We can’t trust our rivers
No matter how crystal-clear the water flows as it snakes across the plains; no matter how fresh the cascades look as they rush past the rocks; no matter how glittering the ripples appear on the deep; no matter how the banks are beautifully adorned by the green thickets; and no matter how refreshing and cold the water caresses our skin, we cannot trust our rivers.
Don’t ever drink the water in them unless you are at their very source, at the foot of a heavily forested mountain releasing through a cave an abundant supply of clear water, ice-cold as it escapes off rock formations to form a cascading river below. Don’t even put it into your mouth to taste it, or to gurgle it, for you may be risking your health.
A century ago, in the days of old, one may have done it freely, without fear of anything destructive to health. Tired from a day’s work, or an exhausting journey, one may descend the river bank and crawl on the shallow water, burying his face in that fresh, cold creation and drinking to his tummy’s content, not mindful of bothersome effects, just of satisfaction.
It’s a different time now. Everything has changed—the people, the environment, the weather patterns, the temperatures, the human activities, their tools and devices, their industries, transportation, food production, inventions, and a whole lot more. All this are contributory to environmental degradation, impairing sanitation, the ecology, and the earth we live in.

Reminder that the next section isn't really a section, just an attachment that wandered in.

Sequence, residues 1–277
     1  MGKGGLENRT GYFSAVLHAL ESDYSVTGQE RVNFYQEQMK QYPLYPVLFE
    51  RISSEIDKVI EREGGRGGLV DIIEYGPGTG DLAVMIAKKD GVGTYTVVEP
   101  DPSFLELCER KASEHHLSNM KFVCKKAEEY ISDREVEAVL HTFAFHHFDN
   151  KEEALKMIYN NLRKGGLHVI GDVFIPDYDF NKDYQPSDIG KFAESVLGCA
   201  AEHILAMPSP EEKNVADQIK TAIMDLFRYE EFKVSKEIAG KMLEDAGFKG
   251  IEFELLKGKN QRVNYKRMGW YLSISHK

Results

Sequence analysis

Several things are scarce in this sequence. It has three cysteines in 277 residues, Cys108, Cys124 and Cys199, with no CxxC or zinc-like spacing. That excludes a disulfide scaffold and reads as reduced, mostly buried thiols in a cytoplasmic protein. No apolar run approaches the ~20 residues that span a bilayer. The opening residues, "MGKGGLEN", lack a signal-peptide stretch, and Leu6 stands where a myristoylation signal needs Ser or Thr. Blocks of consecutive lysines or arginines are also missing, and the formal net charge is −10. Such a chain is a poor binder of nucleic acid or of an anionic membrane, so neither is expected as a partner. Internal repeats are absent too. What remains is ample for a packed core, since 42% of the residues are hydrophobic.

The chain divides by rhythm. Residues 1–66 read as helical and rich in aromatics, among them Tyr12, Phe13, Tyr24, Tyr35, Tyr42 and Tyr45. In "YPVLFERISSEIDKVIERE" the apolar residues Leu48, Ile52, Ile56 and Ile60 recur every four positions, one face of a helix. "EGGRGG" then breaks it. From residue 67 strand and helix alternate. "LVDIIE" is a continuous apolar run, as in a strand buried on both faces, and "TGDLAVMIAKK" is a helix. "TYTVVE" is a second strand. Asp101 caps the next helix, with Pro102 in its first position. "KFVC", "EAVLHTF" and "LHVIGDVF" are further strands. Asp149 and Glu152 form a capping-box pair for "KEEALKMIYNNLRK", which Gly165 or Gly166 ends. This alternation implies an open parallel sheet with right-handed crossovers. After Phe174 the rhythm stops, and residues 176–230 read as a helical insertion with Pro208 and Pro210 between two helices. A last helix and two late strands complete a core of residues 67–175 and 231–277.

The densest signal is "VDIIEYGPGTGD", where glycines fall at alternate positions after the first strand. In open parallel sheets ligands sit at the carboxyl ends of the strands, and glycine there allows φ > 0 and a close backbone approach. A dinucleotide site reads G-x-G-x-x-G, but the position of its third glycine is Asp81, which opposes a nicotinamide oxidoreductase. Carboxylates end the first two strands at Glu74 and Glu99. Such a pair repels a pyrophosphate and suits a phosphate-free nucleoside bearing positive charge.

Rivers, of course, are not spared; like the oceans, they are the direct recipients of wanton and irresponsible waste disposal. In remote barrios and villages where people have nowhere to throw their trash as land owners in surrounding areas do not allow it, people just go to the nearby bridge to throw their wastes into the river. Anyway, as they reason out, these things won’t clog the river because, come the rainy days, the floods will carry them downstream.
Many of our rivers then have become a depository of garbage and all sorts of wastes. As they zigzag on their way to the sea, they pass through a lot of human interventions and activities. Farmers would walk their carabaos into the river so these animals could wallow in the water, at times releasing their manure there; mothers would do their laundry at the river banks, soaping their dirty clothes and rinsing the same in water, and many more.
Worst, those without toilets would comfortably squat on the running water and drain their bellies of waste materials there, doing this in a daily basis, in big number depending on the family members, and on the residential houses close to the river course. Not only this. Those with dead animals find the river an easy depository place instead of burying their rotting animals in the soil.
Given all this, how else can we trust our rivers?
By: Doms Pagliawan
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